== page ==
- The bank lost Sh2.2 billion in the three years following Mr Merali’s move, with the withdrawal of 81.3 percent of the cash or Sh1.79 billion happening in under a year.
- Mwalimu, which is owned by teachers, first acquired a 75 per cent stake in the lender, which was then operating as Equatorial Commercial Bank, and was owned Mr Merali.
- The bank is no longer lending, with a negative capital position.
Tycoon Naushad Merali withdrew Sh1.7 billion from Spire Bank days after selling the lender to Mwalimu National Sacco, triggering a chain reaction that has pushed the lender owned by teachers on the brink of collapse.
Mr Merali’s huge withdrawal in 2016— then an equivalent of a fifth of the bank’s Sh8.54 billion deposits— prompted other customers to remove cash from the bank, Spire Bank’s top officials revealed on Wednesday during a parliamentary probe.
This weakened the bank’s lending and pushed it deeper into losses that have wiped out its core capital and shareholder funds even as the bank lost billions of shillings in customer deposits.
The bank lost Sh2.2 billion in the three years following Mr Merali’s move, with the withdrawal of 81.3 percent of the cash or Sh1.79 billion happening in under a year.
Disclosure of the withdrawals by the tycoon, viewed as a vote of no confidence in the bank, will add to concerns that the businessman sold teachers a dead bank after pocketing Sh2.4 billion for ceding a 75 per cent stake.
“One thing we are aware of is that when Mr Merali was still part of the bank, he had huge deposits there to the tune of Sh1.7 billion which he, later on, withdrew in 2016,” said Mwalimu National Sacco chairman Wellington Otiende when he appeared before the Senate committee on finance and budget.
“Coupled with what happened at Imperial Bank and Chase bank, there was some sort of panic and there were withdrawals by other customers. This weakened the financial base of the bank.”
Spire Bank’s loss of deposits—a key source for lending to customers—has cut its loan book 66 percent over the past four years to Sh2.55 billion, weakening its ability to grow revenues.
The lender sank into a Sh1.2 billion loss for the year ended December 2020 from Sh472 million a year earlier.
This left it with a deeper negative asset base of Sh1.8 billion, putting Sh4.79 billion customer deposits at risk.
Mwalimu, which is owned by teachers, first acquired a 75 per cent stake in the lender, which was then operating as Equatorial Commercial Bank, and was owned Mr Merali.
Last year, it acquired the remaining 25 per cent, offering it full control of the loss-making bank.
Over the last couple of years, Spire Bank’s accumulated losses of up to Sh8.4 billion has wiped out shareholder funds, which now stand at negative Sh1.8 billion. This means that the teachers’ investment in bank has been wiped out.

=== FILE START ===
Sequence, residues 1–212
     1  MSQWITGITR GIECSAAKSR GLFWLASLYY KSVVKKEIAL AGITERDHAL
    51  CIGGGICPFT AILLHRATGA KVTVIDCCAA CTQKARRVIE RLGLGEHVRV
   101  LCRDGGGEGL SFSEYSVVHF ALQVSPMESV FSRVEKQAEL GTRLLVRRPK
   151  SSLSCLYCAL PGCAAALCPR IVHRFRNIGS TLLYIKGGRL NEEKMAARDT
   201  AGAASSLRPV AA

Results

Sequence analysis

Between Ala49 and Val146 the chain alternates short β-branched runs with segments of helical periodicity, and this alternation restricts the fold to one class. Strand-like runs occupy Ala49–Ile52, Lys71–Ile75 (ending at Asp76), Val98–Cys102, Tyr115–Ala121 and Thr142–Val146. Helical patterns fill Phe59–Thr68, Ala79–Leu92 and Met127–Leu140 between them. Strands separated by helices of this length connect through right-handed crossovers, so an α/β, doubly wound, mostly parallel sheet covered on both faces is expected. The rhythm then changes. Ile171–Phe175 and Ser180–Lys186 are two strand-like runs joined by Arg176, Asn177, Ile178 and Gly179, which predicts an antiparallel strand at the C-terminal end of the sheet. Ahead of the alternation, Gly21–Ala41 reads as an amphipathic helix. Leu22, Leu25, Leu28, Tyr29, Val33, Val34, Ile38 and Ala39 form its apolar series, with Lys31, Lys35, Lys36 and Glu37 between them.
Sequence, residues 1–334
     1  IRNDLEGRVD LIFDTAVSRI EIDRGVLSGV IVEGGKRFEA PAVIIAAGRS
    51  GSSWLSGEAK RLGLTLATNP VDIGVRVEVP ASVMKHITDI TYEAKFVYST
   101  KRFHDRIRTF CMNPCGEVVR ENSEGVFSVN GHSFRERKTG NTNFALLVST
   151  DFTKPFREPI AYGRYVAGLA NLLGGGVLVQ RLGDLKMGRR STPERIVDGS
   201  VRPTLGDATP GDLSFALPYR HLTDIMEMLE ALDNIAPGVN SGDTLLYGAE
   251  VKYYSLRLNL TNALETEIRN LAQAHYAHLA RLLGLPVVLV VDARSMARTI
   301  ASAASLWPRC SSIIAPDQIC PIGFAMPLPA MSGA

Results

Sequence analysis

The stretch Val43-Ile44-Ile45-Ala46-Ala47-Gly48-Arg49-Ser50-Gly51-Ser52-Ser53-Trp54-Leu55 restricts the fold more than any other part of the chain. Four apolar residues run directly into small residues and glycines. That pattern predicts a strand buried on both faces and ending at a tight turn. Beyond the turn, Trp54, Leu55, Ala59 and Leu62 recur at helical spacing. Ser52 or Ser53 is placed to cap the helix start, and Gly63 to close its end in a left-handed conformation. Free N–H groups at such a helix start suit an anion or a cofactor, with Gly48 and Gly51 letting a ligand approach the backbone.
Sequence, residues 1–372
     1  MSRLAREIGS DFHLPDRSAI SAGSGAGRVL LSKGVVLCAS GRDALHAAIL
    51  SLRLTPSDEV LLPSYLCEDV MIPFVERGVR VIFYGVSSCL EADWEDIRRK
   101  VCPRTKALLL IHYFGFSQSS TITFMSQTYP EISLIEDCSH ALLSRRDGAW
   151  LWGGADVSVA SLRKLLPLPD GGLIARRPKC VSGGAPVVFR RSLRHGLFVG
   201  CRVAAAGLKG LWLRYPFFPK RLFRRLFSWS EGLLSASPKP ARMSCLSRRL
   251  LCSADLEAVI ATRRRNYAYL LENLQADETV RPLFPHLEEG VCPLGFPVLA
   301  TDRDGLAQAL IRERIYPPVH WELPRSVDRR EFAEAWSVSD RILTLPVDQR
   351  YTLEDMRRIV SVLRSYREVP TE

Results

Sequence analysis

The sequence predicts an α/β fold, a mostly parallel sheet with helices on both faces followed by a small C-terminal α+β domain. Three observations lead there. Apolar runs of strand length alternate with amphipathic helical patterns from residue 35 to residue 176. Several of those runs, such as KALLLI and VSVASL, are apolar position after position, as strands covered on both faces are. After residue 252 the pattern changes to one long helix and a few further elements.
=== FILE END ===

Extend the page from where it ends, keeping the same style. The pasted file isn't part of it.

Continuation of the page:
The bank is no longer lending, with a negative capital position. Loans issued shrank from Sh3.3 billion in 2019 to Sh2.5 billion at the end of last year.
The chairman of the Senate committee on finance and budget, Charles Kibiru, said Mr Merali’s actions were akin to abandoning a sinking ship.
“Are you telling us Merali was taking a flight from a sinking ship? This is a person who first sells shares and all of a sudden withdraws deposits and then challenges set in,” said Mr Kibiru.
Senator Moses Wetang’ula, a member of the committee, said: “So if within no time Merali goes and withdraws his money and leaves the bank as a shell, this is quasi-criminal.”
The sacco’s buyout of the bank had raised eyebrows when it first became public, with various government agencies opposing the deal before later approving it. Mwalimu made the acquisition without conducting due diligence on the bank.
Former officials of the sacco were also accused of conflict of interest, with former CEO Robert Shibutse having worked for the then Equatorial Commercial Bank and other companies associated with Mr Merali.
Ahead of the transaction, the lender transferred its office building, Equatorial Fidelity Centre in Nairobi’s Westlands area, to its associate company Fidelity Shield Insurance, in which it held a minority stake at the time. Despite the lender’s historical losses, former officials of Mwalimu remained upbeat about the deal.
Mr Shibutse, for instance, argued that the transaction would save Mwalimu banking fees and stop its members from fleeing the sacco to mainstream lenders.
Spire Bank has breached all the other minimum capital thresholds and has been operating under the forbearance of the Central Bank of Kenya (CBK) as it seeks a buyer. The bank has struggled to get a strategic buyer to inject much-needed capital, with suitors walking out in the last minute.
Acting managing director at Spire Bank Brian Kilonzo said on Wednesday negotiations with potential investors had been difficult, with three having dropped off.
“The process of accepting any investor also requires to work closely with CBK to avoid getting fake investors. Occasionally, we get a fixed timeline from potential investors but for some reason they disappear in thin air,” said Mr Kilonzo.